As we prepare to watch the Democrats roll out their plan for America this week, it’s instructive to consider how the issue of Israel and the Palestinians plays out on the domestic policy stage.
In a July 19th New York Daily News opinion piece “The GOP is playing a dangerous game with the Israeli-Palestinian conflict” Rabbi Rick Jacobs, head of the Reform Jewish movement, wades into the controversy as a mainstream American Jewish leader concerned about our country’s support for Israel. He was not happy about what he saw coming out of Cleveland:
“The Republican Party’s platform excludes language for a two-state solution for Israelis and Palestinians, a serious divergence from a quarter century of U.S. foreign policy. This could be a dangerous foreboding of where the Republicans are headed.”
Rabbi Jacobs goes on to warn that abandoning the two state solution “would subject Israel and the Palestinians to an endless cycle of violence.” Turning away from two states, he writes, is “a dangerous turning point,” citing with approval the fact that the Democratic platform is sticking to its story about supporting “two states for two peoples.”
But ironically, the Republicans have actually got it right: their current platform, rather than departing from U.S. policy on Israel, is actually a more accurate reflection of four decades of U.S. support for Israel’s expansionism at the expense of Palestinian rights. Every negotiation brokered by the United States has effectively ignored Palestinian rights with respect to territorial sovereignty, refugee rights, treatment of prisoners, access to natural resources, and freedom of movement. Since the 1970s, when the Likud government under Menachem Begin took power, every successive U.S. administration has acted not as a neutral party but as “Israel’s lawyer,” acceding to terms set out by Begin and every successive Israeli government—terms that have all but eliminated the possibility of a Palestinian state in the West Bank and Gaza. The dirty secret is that, despite its language on the international stage, Israel has never been interested in or willing to accept a sovereign, independent Palestinian state on its borders. Israel’s goal in every negotiation, as well as in its actions on the ground, have been aimed at achieving control over, if not outright annexation of, the entire territory from the Mediterranean to the Jordan. Except for one instance (interestingly under the administration of Bush senior), no U.S. administration has ever taken effective steps to stop this program. In fact, we have supported Israel at every turn, diplomatically and with massive financial assistance. The Democrats will continue to chant the “two states” mantra, but it has become a dangerously fruitless process, as Israel’s policies of annexation, settlement and control continue in violation of multilateral agreements and international law.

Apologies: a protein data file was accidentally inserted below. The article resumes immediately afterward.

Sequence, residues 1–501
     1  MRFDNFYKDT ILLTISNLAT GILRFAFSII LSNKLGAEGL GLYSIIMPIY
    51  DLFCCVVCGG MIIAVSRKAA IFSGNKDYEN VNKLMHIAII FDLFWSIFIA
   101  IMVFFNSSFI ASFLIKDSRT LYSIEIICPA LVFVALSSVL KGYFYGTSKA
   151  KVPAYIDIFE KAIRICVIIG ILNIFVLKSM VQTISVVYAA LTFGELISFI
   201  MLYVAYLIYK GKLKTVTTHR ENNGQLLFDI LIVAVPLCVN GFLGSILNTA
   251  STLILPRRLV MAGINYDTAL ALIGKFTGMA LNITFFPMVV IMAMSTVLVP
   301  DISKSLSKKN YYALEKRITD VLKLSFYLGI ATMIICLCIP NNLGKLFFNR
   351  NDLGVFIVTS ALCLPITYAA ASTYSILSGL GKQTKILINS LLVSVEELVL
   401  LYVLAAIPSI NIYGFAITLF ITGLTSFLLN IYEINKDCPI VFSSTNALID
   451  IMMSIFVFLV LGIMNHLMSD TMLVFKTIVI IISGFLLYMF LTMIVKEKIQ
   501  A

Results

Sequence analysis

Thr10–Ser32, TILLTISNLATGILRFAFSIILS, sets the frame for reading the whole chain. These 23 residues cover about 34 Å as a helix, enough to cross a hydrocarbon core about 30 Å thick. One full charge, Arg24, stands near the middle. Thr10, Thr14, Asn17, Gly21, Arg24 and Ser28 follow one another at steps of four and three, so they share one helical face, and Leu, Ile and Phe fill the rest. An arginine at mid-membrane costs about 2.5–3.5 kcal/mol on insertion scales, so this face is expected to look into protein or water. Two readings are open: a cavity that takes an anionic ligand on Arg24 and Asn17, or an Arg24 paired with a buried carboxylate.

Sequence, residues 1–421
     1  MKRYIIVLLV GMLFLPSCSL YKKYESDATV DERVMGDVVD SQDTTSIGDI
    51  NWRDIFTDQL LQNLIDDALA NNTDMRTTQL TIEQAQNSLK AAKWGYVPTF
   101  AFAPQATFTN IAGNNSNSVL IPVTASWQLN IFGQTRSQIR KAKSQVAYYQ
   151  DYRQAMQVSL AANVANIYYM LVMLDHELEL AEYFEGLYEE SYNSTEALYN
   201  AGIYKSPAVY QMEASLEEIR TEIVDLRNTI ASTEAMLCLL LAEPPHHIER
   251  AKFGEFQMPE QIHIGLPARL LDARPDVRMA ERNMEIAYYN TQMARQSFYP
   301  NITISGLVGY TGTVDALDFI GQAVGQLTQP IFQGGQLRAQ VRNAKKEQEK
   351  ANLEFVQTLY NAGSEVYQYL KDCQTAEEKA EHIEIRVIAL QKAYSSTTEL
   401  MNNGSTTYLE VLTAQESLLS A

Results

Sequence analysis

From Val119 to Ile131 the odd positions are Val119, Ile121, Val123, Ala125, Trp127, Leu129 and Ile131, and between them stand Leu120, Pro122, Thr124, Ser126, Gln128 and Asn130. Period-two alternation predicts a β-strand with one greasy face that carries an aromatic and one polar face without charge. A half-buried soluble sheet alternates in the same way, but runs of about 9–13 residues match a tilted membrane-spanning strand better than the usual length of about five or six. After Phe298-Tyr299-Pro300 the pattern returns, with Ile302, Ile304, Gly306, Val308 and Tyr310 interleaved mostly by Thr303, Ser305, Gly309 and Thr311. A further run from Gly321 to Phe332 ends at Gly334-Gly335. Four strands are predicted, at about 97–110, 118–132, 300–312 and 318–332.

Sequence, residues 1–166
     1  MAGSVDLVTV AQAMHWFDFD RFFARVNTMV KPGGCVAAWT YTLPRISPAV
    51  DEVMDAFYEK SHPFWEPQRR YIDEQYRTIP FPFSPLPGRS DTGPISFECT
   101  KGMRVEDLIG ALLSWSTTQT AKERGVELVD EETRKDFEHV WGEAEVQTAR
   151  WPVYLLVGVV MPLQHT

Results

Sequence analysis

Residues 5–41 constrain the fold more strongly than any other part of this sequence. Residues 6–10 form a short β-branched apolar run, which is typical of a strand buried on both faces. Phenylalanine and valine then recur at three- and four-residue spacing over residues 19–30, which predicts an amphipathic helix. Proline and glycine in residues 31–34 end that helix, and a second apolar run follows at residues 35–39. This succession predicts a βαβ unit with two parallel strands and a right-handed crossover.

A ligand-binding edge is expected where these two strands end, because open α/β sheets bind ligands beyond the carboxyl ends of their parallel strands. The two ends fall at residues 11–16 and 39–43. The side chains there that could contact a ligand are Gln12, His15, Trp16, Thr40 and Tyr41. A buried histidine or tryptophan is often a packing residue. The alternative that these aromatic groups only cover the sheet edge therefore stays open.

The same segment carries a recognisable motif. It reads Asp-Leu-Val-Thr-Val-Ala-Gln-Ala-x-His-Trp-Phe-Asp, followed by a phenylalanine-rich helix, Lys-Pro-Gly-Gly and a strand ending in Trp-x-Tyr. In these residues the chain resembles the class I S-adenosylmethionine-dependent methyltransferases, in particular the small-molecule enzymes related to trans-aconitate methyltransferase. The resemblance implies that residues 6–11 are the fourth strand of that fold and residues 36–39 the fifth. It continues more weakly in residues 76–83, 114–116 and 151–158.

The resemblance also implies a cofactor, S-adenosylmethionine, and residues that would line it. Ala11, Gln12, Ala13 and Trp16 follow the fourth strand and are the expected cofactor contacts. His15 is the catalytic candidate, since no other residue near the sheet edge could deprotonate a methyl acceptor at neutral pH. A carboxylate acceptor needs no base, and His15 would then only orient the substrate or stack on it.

Rabbi Jacobs wants us to accept more of the same. He claims to support Israel, but the policies he advocates will serve only to guarantee continued conflict and insecurity for the Jewish state. When will Rabbi Jacobs wake up to the reality that only nonviolent direct action will bring the politicians – both in Israel and the U.S. and Europe – around? Why is he so afraid of BDS, a nonviolent effort by Palestinians to secure their rights to live in peace and equality with the Jews of Israel? What word in “Montgomery bus boycott” does Jacobs not understand? Why is he not eager to have the world do for Israel what it did for South Africa two generations ago, rescuing South Africans—white and black—from the evil of Apartheid that was poisoning their country?
Ironically, Rabbi Jacobs is doing what he accuses the other side of doing, by seeking to delegitimize BDS, casting it as radical and anti-Israel. He links the Republicans to right wing evangelicals: “The extreme right supporters of one state sadly mirror the extreme left supporters of BDS, who are also one state supporters who aim to delegitimize Israel’s right to exist as a Jewish state.” It’s a classic straw man tactic, allowing him to position mainstream Judaism as the moderate left, pursuing—you guessed it—the two state solution.
Rabbi Jacobs uses words implying compassion for the “Palestinian souls” suffering under the current situation, but in pursuing the real object of his piece—stopping BDS—he is denying the Palestinians the right to legal, nonviolent action. And he wants to discourage Americans, including increasing numbers of Jews, as well as Christians across the theological spectrum, from supporting the Palestinians in this effort. In fact, BDS is gaining support on a global basis, which is the reason for the increasingly strident and desperate cries from Rabbi Jacobs and others that it is “anti-Semitic” and has as its object the destruction of Israel as a Jewish state. Jews and Christians alike are coming to the realization that a state that truly expresses Jewish values would not look like the Israel of today. Something has to change, for Palestinians and Jews alike, and BDS is the best tool we have for bringing that change about.
In a bid to outdo the Democrats in the “I love Israel” department, the Republicans have staked out their “pro-Israel” position—a now familiar practice in every Presidential election. We’ll hear more of the same this week in Philadelphia, if the Democrats allow the issue to surface at all (we’re talking kryptonite for Party unity). But the political impact of BDS is gaining steam: the growing global campaign is causing more and more people to question our no-strings-attached support for Israel. That’s why Rabbi Jacobs and others like him are up in arms about it. That’s good news for the BDS movement. At historical moments like this we recall Gandhi’s words:
“First they ignore you, then they mock you, then they fight you—and then you win.”